Do you know why many driving instructors go broke in their first 6 months?
Too many good people have wasted money on training to be a driving instructor because they have not had the right training. Without discussing the quality of the trainer because that is opinion, what I am going to share is fact.
Passing your part 1,2 and 3 requires no business training of any type.
What usually happens is the newly qualified ADI unwittingly wastes money on unsuccessful marketing and advertising campaigns, drops their prices to the very minimum and lose the pupils they recruit. It all leads to desperate feelings and the worse thing is, it could have been easily avoided.
If you train with me,I’ll also show you how to recruit learner drivers, manage your customers and maintain your driving school. This is perhaps like no other job you have had, whether you are currently a taxi driver, teacher or whatever, smiling, being polite or telling people you are the best will not keep you in a profit.
How to become a driving instructor – Part 1,2,3, with a ORDIT REGISTERED TRAINER
I believe you deserve the best training, with the best trainer, helping you to become a Driving Instructor – without it costing you thousands of pounds. I will guide you through the training process at your own pace and once you qualify, will ensure you have all the tools you need to get your new business up and running.
The training you receive will fully prepare you to become a competent and confident driving instructor. With my training programme you get the following:
Unlimited access to online expert instruction, training, coaching, classroom sessions, videos, step-by-step tutorials and development, study webinars and seminars to cover the DVSA syllabus and develop your skills to the highest standards to ensure that you are fully prepared.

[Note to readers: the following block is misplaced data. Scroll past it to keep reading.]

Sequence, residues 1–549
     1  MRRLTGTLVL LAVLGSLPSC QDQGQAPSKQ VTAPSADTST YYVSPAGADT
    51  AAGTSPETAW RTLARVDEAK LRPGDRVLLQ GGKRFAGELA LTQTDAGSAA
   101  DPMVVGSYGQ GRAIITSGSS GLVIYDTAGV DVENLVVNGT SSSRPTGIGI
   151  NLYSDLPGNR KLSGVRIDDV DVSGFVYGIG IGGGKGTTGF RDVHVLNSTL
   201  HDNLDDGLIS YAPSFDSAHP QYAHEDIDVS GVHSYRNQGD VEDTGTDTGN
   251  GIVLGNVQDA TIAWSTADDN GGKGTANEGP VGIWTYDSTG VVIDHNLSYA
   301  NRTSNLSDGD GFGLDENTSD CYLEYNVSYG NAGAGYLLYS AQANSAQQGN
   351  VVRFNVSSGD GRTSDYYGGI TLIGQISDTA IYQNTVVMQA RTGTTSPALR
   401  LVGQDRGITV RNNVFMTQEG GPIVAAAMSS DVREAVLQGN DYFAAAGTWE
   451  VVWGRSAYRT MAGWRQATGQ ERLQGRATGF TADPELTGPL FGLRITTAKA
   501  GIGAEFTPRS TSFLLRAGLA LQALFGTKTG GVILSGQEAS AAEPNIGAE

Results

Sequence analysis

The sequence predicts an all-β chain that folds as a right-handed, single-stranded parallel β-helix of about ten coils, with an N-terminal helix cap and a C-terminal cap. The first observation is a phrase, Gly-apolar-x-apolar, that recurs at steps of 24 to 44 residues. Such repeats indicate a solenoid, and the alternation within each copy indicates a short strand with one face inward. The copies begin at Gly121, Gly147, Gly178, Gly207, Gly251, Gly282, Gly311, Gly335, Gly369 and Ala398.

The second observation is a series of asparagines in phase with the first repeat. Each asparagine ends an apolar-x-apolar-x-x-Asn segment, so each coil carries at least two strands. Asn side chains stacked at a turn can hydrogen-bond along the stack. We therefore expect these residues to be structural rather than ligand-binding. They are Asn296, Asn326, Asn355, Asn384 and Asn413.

This is a computer-based test, coming in two parts; a theory test and a hazard perception test, which must be taken at the same time. Overall the Part 1 test lasts 90 minutes.
The theory test is a multiple choice test consisting of 100 questions which cover all aspects of driving. The test is split into 4 different sections, each comprising 25 questions. You must achieve 80% in each section with an overall mark of 85% to pass the theory test.
The hazard perception element consists of 14 video clips, each clip presenting real road scenarios in which you are required to identify and respond to a hazard. The quicker you identify and respond to the hazard, the higher your score. The pass mark is 57.
If you fail one element of the test, you must take the whole test again, but there are no limitations on the number of attempts that you are allowed.
Once you pass the Part 1 test, you have two years to pass the other two parts. However, if you subsequently fail to complete the process within this time, you have to wait two years before you can start the process again.
This is an Advanced Driving Test lasting for 60 minutes. You are limited to three attempts at this test. To achieve a pass mark you are not allowed to get more than 6 driver faults. The examiner will take you on a variety of roads that will include various traffic conditions; you will also be required to do 10 minutes of independent driving. During the test the examiner will also ask you to carry out the following manoeuvres:
Emergency Stop, Reverse left/right, Parallel Parking, Turn in the road and Bay Park.
As an ex-DSA examiner, I will be able to guide you to the standard that the examiner is expecting you to achieve during your test.
The test of instructional ability assesses your knowledge and ability to instruct. It lasts for 60 minutes and like the Part 2 test, you are limited to three attempts.
The test is split into two parts: Phase 1 and Phase 2, each lasting approximately 25 minutes. In Phase 1 the examiner will role play a novice or a partly trained driver and during Phase 2 a student with more experience or prior knowledge. During the test, the examiner will simulate faults and you will be assessed on your ability to match the level of instruction to the level of the pupil the examiner is portraying.
This is the most important element in becoming a Driving Instructor.